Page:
keywords: The Cup

There are more than 200 results, only the first 200 are displayed here.

  • Maintaining the humanity of the public square

    • Greg O'Kelly
    • 01 July 2015
    3 Comments

    The phrase 'the public square' is peppered throughout Frank Brennan's work. The 1988 film Cinema Paradiso depicts the public square in a Sicilian village over 30 or so years, and its slow and subtle change from a place where human beings gather to laugh, play and discuss. Billboards and garish signs appear and it becomes a car park bereft of its humanity.

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  • AUSTRALIA

    Speaking for others in the public square

    • Frank Brennan
    • 22 June 2015
    4 Comments

    Walking towards the courthouse, I heard a cry, 'Hey, Father Frank, over here! You've got to support us mob.' I was torn. I was chairing a national consultation at the request of the Commonwealth Government. I did not want to politicise our presence in town.   But then again, I did not want to abandon Ben and his colleagues in their hour of need. They all stood in front of an Aboriginal flag.  Some were crying out for justice for their deceased loved one.

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  • Demanding justice for the small, still voices

    • Shannon and Kateena
    • 12 June 2015
    1 Comment

    'In chapter 12 "Respecting Autonomy and Protecting the Vulnerability of the Dying", Frank quoted my grandmother ... "Well there is not much to say about euthanasia is there? Just don't kill people and look after them while they are dying. What more can you say?" Well Grandma, I am not certain that I share your view. Just as Pope Francis did not know all the answers at age 36 years, neither do I.' Frank Brennan's nieces Shannon and Kateena help launch his new book Amplifying That Still, Small Voice.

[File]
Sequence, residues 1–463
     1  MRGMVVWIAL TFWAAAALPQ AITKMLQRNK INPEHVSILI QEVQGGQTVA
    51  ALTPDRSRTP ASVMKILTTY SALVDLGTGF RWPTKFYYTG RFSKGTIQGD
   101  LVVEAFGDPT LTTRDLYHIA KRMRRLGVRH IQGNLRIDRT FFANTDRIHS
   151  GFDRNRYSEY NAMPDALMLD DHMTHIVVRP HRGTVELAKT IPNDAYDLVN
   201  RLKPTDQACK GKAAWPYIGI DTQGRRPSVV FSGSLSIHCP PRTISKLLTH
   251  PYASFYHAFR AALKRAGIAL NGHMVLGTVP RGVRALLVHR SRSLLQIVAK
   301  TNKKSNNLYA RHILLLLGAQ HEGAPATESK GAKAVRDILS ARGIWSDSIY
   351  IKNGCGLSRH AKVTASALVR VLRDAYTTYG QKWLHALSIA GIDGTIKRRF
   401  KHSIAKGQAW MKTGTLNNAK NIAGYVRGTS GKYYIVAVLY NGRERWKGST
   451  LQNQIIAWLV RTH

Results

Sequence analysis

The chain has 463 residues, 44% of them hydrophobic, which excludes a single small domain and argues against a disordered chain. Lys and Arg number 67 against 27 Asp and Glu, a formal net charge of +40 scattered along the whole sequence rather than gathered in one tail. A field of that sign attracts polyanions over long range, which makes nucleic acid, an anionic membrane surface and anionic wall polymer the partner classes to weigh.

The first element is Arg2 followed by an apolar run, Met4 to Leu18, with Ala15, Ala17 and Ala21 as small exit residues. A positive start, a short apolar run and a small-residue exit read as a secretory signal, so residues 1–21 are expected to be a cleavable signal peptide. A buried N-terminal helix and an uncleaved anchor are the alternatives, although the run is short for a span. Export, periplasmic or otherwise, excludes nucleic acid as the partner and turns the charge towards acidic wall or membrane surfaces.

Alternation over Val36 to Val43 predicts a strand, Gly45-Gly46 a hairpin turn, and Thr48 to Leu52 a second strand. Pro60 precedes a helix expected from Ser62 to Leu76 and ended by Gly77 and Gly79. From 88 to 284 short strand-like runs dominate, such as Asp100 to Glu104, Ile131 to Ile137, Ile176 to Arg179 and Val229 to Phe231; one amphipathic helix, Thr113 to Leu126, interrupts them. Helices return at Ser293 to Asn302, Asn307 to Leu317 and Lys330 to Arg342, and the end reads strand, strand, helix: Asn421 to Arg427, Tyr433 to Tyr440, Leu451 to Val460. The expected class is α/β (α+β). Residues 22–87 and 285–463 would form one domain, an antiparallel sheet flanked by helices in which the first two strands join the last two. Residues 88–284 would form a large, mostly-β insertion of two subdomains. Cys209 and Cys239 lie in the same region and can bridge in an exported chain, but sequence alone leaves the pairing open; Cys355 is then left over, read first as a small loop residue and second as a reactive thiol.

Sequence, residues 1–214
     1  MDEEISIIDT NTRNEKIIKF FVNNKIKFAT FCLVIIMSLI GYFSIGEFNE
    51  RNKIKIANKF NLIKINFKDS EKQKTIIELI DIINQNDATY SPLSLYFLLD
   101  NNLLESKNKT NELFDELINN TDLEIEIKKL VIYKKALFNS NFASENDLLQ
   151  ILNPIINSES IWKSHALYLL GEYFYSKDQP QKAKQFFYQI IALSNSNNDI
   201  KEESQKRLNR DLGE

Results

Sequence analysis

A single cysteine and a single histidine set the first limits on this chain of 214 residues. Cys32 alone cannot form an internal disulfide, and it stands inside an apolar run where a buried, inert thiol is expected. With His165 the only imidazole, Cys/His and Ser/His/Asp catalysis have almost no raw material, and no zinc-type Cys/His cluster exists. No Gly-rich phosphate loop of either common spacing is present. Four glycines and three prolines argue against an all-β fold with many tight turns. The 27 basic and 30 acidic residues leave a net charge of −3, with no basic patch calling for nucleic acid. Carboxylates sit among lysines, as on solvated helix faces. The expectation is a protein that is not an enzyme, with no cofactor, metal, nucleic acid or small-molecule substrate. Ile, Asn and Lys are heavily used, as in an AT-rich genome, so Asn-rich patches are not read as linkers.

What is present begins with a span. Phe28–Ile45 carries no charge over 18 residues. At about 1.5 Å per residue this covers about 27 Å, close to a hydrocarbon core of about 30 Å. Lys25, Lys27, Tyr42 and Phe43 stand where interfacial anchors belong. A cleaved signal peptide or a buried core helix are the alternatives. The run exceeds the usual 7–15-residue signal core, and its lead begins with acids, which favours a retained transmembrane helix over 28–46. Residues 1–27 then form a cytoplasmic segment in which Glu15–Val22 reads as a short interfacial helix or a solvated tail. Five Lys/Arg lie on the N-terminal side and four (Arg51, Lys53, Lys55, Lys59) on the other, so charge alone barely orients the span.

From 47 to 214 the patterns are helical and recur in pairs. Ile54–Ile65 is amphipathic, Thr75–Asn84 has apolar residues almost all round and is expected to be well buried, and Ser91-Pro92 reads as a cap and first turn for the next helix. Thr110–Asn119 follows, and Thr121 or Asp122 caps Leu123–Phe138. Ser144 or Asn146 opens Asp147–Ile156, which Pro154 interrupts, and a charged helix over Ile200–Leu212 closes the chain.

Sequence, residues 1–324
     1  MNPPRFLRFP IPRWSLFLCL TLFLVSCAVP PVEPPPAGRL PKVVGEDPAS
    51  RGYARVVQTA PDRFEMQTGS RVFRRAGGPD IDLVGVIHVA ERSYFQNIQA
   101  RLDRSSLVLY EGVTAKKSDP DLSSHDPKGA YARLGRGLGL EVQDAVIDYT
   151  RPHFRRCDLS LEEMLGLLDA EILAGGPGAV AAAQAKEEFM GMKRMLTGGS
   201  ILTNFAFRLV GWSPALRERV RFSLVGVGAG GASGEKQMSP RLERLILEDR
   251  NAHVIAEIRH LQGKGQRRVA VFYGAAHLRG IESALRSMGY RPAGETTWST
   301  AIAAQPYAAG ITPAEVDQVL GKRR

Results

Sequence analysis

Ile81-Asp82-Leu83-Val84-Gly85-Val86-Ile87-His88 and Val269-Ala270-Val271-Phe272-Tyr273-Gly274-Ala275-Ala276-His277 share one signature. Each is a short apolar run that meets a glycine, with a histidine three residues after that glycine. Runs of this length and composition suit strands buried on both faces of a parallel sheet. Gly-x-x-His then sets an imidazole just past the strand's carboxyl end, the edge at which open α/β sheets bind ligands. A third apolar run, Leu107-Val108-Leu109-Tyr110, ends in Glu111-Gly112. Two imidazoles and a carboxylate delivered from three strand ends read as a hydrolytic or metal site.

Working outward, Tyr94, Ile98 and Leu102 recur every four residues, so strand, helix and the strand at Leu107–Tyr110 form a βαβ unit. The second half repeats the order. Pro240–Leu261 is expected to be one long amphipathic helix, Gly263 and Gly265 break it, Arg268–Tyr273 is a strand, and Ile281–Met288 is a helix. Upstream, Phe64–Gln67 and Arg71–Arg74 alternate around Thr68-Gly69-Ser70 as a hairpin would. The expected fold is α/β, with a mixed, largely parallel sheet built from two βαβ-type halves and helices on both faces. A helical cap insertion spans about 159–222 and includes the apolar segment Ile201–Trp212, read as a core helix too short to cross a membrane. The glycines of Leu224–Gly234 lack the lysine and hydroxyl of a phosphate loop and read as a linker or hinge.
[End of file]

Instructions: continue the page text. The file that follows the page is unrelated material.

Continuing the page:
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  • AUSTRALIA

    The path to a successful referendum

    • Frank Brennan
    • 28 May 2015
    5 Comments

    We gather on the 48th anniversary of the 1967 referendum. All major political parties to an agreed referendum question when going into the next federal election, with the understanding that the new government and the new parliament would proceed to put a referendum to the people, perhaps on Saturday 27 May 2017, the fiftieth anniversary of the successful 1967 referendum.

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  • AUSTRALIA

    Neoliberal economics can't care for the disadvantaged

    • Paul Jensen
    • 22 May 2015
    9 Comments

    Neoliberal economics underlies the recent Federal Budget and the major parties’ welfare policies. It proclaims the end of the age of entitlement and speaks of small government, as it embraces the privatisation of 'service delivery'. Faith based organisations are involved as agencies of the government, often forced to impose punitive measures rather than the promise of the 'carrot' that is their purpose. 

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  • AUSTRALIA

    The last Anzac's bullshit detector

    • Michael Mullins
    • 20 April 2015
    26 Comments

    We can judge the exuberance of the Anzac commemoration against the nonchalance of the last Anzac Alec Campbell. He said he went to Gallipoli for adventure and, to him, 'Gallipoli is Gallipoli'. John Howard argued Anzac defined our 'sense of self', although he did acknowledge that Anzac is something that was made up. It's better to let historians rather than politicians select events that define the nation, even if they opt for the frontier wars of the 19th century that depict white Australians as violent and racist rather than heroic and virtuous.